We just finished a Frontiers of Democracy session entitled “The politics of discontent: it works in practice, but can it work in theory?” The premise is that we live in an age of discontent. To theorize about that means to ask: what is discontent, what causes it, and how can we use it to build a better society?
I am actually somewhat skeptical that a category called “discontent” is helpful for describing such a range of phenomena as Trump, Sanders, Brexit, etc. An alternative view would be that there’s a political status quo, and people are inevitably more or less contented with it depending on where they stand across a broad political spectrum. At any time, many people are discontented, but they don’t have anything particularly important in common. Some of them have valid grievances and some don’t. What we might call a climate of discontent is just the aggregate of all the variously unhappy people and movements. The aggregate is likely to be worse when economic times are bad, because then the pie is smaller, but discontent is natural.
Here are some other views that emerged in the discussion:
- There is a shared basis of discontent, and it’s procedural. People don’t feel heard; they don’t have opportunities for engaging each other. This discontent is valid, and the solution is more and better democracy. (I’d like to believe this thesis because it would validate a lifetime of work in political reform. But I’m not sure I do believe it.)
- There isn’t yet–but could be–a shared basis of discontent if we had better ways of talking with each other across partisan and demographic divides.
- There is a shared and valid basis of discontent, and it’s social/economic. For instance, Sanders supporters and Trump voters–and even Brexit voters–share a common root grievance: a global financial system that is cozy with governments and receives bailouts from everyone else. Even if these movements express their views in different ways, similar policies might satisfy them all.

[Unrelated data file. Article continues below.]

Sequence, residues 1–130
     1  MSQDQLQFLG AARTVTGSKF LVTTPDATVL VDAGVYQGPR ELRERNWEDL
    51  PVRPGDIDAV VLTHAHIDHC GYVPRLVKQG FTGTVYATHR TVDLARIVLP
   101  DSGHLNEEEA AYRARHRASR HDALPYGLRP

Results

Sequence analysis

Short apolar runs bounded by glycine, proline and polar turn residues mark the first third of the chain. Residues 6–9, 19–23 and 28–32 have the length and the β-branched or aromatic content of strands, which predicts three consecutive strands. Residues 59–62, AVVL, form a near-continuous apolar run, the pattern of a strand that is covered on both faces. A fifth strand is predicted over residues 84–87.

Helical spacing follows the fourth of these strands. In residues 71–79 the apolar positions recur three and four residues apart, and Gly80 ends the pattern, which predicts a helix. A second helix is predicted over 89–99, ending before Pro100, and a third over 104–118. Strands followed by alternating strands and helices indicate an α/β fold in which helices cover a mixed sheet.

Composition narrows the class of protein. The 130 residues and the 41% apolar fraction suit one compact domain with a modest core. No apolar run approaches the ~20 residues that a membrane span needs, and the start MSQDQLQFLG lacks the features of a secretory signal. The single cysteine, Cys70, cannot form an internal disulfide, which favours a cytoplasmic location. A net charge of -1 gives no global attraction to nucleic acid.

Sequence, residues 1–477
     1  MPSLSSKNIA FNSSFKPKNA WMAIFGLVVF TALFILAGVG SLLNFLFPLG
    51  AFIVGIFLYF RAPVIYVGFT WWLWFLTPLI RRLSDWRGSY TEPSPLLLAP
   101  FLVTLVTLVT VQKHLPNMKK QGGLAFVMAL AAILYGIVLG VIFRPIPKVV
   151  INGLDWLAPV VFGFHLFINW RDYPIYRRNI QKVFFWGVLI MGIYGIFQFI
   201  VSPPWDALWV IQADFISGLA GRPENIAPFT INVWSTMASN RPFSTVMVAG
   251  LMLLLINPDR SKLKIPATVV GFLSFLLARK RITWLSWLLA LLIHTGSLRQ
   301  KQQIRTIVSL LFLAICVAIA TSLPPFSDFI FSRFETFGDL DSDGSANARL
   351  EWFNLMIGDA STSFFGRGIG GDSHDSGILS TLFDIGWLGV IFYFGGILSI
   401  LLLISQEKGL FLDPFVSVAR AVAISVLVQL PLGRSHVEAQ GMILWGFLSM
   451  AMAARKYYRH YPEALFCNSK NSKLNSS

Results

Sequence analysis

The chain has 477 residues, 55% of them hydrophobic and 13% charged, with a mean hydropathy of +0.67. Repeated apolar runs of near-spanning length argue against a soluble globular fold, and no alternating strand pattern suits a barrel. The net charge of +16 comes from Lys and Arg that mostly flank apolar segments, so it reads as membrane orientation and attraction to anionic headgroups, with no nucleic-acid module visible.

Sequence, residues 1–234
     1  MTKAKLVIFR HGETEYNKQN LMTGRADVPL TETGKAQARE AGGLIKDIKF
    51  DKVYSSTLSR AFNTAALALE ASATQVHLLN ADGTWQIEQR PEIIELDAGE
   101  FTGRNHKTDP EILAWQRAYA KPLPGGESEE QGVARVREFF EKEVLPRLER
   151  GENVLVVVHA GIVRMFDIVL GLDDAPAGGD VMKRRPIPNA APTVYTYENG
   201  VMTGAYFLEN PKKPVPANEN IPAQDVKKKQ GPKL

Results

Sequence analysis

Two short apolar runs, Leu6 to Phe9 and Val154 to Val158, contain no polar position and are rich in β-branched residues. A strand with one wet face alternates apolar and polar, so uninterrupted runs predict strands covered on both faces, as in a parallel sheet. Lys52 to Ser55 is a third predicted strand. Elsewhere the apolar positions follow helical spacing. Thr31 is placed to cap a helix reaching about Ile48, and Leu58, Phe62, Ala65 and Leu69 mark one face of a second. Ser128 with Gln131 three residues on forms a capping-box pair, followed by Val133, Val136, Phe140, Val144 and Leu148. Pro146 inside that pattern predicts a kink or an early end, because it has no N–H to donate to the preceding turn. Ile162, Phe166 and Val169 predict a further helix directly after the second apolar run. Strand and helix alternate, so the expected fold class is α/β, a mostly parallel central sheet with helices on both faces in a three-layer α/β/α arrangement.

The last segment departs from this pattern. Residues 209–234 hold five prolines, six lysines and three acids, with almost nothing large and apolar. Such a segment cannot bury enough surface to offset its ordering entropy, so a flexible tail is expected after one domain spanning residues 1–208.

- Most of the discontent is coming from formerly privileged groups losing their advantages. A better phrase for it is “right-wing ethnonationlism.” That certainly excludes Sanders voters and Black Lives Matters, but it wouldn’t be valuable to categorize them together with the nationalist right under a heading like “discontent.” Let’s acknowledge that we live at a moment of right-wing ethnonationism when there is also some energy on the left.
- This is not particularly a time of discontent. Many aggregate measures of well-being and confidence are up. There are some angry voters, but a total of about 25 million people have voted for Sanders and Trump combined so far (in a nation of more than 200 million adults). The ultimate winner of the presidential campaign is likely to be the most “establishment” candidate since George H.W. Bush in 1992. An odd result for year of discontent.